Do you anticipate any type of federal government grants in the future as we evolve?
No, I don’t. Grants from the federal government are not common. What is common and more familiar with from the federal government is tax credits for things like electric vehicles or solar, which have done amazing things for increasing adoption, creating economies and economies of scale. Look at the cost of solar from ten years ago to now. You don’t need an incentive anymore. That’s the entire purpose of incentives in the world of tax, in that case, the tax credit incentive. There are some investment tax credits in general for energy efficiency. You have a commercial building. You’re not a cannabis grower and you invest in a more efficient heat pump. There are just standards what’s called 179D where you can get a 30% tax credit on energy efficiency investments.
That is the IRS. As long as cannabis is federally illegal, you will not get IRS tax credits on anything. It’s debatable if that’s part of the facility upgrade or not, or if this is considered more of an appliance like grow lights. Are they an appliance or part of the facility? I don’t want to go too far down that because I don’t know the answers. I can’t give tax advice. From the federal government, what we might see that would help there is if they came up with any federal standards because each state is making up its own rules. You may have heard Massachusetts has 36 watts per square foot or you use this type of LED that has this type of efficacy. Illinois did something similar. It’s difficult, especially for an MSO.
I’m glad you brought up regulations. Are you pretty familiar with the regulations in the localities and a lot of places that you work?
With regard to the energy code, yes.
What are we seeing coming down the pipes right now in states such as California?
A total hodgepodge of well-intended policymakers, but they don’t understand the market. California, for example, there’s Title 24. It’s the building energy code. Some of the earlier draft stuff for dehumidification said that you have to use only desiccant dehumidifiers. The HVAC people in there said, “That’s not appropriate. Use that for cold storage or different applications.” Someone I remembered from the energy efficiency days said, “Desiccant equals efficiency.” Yes, for something else but it doesn’t transfer. You need to work with it and talk to the manufacturers who are building out these facilities to say, “What’s the best in class? What are the costs of the barriers? Where’s a reasonable place to set a minimum threshold?”
Why do we see that disconnect so often?
They say it’s stakeholder engagement. I’ve been pretty outspoken with California. I’ll get in the room and say, “I’m not a stakeholder here. We are the energy efficiency community trying to reduce energy waste in this other industry. We need to get the other industry in the room, the people who operating the facilities and making purchase decisions.” Forcing everyone to go LED, as an example, is too much to stomach overnight. Offering incentives for early adopters is great, but a lot of growers I’ve spoken with, especially in California where the fluidity between the illicit and the regulated market is more fluid than in other places. They say, “If I’m forced to do this, there are already so many layers of regulation taxation. I won’t participate in that market. I’ll go back to the old ways.”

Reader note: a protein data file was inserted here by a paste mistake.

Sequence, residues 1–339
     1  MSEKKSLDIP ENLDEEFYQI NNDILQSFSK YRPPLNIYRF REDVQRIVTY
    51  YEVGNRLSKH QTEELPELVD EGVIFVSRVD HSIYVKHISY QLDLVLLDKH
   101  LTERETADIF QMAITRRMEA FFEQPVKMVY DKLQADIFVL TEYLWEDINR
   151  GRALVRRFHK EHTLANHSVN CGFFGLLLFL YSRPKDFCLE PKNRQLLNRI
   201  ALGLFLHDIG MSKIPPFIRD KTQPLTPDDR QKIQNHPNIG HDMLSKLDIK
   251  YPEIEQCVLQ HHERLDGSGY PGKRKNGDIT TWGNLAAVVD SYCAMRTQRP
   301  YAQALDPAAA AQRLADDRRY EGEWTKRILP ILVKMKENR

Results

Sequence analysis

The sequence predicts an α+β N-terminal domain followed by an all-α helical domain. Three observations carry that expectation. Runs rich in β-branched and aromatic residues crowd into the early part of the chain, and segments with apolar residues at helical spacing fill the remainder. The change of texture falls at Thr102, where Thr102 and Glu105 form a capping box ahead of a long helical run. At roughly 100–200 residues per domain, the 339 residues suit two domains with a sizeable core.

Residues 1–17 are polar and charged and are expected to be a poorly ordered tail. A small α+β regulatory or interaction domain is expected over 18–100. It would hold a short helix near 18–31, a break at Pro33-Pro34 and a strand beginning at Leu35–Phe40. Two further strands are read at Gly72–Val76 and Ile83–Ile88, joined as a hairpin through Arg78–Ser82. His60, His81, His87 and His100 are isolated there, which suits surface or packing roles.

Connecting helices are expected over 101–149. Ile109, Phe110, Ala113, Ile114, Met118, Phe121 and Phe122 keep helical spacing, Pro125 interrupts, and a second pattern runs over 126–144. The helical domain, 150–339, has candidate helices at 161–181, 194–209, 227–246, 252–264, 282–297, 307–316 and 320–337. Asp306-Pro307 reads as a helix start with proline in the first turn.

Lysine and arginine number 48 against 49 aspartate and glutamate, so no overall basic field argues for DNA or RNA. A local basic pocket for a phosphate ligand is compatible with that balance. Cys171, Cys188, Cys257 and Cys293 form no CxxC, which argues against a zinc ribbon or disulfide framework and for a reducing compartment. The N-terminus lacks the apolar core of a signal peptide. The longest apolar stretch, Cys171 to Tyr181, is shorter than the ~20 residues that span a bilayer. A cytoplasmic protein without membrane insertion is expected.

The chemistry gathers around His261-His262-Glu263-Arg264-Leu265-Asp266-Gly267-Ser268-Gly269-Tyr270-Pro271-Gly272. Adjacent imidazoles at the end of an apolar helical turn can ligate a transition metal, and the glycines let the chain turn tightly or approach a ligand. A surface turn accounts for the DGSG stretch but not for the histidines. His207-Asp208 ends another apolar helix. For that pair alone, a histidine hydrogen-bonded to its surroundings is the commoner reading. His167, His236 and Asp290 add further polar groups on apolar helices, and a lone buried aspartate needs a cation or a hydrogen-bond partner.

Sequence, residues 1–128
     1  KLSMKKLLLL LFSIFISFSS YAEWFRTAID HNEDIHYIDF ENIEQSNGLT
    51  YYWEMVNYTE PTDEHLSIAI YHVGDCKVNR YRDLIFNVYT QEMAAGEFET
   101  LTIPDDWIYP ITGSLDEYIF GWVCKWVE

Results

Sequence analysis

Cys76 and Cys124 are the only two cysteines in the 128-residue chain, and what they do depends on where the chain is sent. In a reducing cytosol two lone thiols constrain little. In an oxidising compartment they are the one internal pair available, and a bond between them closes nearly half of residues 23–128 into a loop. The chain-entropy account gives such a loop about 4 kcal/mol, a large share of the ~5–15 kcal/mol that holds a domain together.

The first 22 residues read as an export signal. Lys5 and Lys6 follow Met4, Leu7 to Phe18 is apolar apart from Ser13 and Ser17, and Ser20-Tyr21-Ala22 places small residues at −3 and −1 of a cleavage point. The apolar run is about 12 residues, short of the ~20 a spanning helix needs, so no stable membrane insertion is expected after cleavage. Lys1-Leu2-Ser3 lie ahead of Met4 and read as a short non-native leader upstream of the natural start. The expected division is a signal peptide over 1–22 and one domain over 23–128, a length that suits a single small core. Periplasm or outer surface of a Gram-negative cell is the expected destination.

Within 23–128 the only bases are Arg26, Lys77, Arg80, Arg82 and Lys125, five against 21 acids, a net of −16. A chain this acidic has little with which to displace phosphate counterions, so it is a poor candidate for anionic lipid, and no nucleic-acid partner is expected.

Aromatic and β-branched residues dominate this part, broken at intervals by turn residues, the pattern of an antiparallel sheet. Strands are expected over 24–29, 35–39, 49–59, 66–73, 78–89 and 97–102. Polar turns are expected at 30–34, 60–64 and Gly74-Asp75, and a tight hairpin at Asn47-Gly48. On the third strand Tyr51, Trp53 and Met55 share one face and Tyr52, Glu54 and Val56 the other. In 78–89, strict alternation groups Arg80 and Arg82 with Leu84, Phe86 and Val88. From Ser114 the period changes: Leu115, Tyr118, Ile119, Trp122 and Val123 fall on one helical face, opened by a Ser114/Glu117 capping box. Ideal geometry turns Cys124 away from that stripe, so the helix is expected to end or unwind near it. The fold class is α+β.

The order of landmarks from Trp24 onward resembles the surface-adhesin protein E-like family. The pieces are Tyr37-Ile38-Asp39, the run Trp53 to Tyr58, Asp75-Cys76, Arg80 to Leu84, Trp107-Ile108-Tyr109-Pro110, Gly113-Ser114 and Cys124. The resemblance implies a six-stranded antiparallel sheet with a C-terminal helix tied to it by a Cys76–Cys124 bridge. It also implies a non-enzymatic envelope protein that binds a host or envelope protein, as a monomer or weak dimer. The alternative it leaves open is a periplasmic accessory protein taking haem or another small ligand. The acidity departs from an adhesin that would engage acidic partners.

Do you see that as pretty common?
Yes. That response is very common. We got involved in there with that. I started working with some cannabis trade associations and said, “Growers, what do you think about this proposed LED-only mandate? They said, “That would bankrupt me. We can’t just retrofit or just move to a greenhouse. We’re set up in this 50,000 square foot indoor place.” That was well-intended but uninformed policy coming out. State by state, jurisdiction by jurisdiction, and to make it worse, oftentimes, the groups tasked with energy regulation for cannabis or maybe the Department of Agriculture or the Department of Public Health don’t have the experience with cannabis or with energy regulation. To your federal question, if energy star or the Department of Energy would weigh in on this and set a national standard, that would help to have 50 different standards or worse.Forcing everyone to go LED is too much to stomach overnight. Offering incentives for early adopters is great. Click To Tweet
They would eliminate a lot of the confusion. This all starts because we’re starting from the bottom and working up in legalization. You can go to Canada and they have the opposite. They have all the problems going down. We’re playing in different countries and levels. There’s no silver bullet for this, aside from going to recertification or rescheduling of the drug itself. That would save a lot in so many ways. The regulation side is so big. California, East Coast, West Coast have always been the extremist. It pushed us to the center of the country and we get a little bit watered-down version of it. For some of the growers that are having frustrations, how do you think they could solve a lot of these problems with this separation or this breakdown of communication between the local and the industry?
I wish I could give advice. I don’t have a lot of political background but showing up, utilities and I assume policymakers as well do not seem to connect with the growers very well. I’ve had success because I took off my utility hat and paid my dues. I started going to cannabis shows and meeting people and just having an open mind. Whereas a lot of utility folks are making big decisions on how facilities should run, and maybe they’ve been in one or two growers. I don’t think that cuts it. I’ve heard them say and even large utilities say, “We can’t get in the door. I knock on the door but they don’t want me to come in.” That’s maybe a cultural barrier that still needs to be open. If you’re a cannabis grower, call your utility and say, “I’m here. I’d love to work with you on energy management.”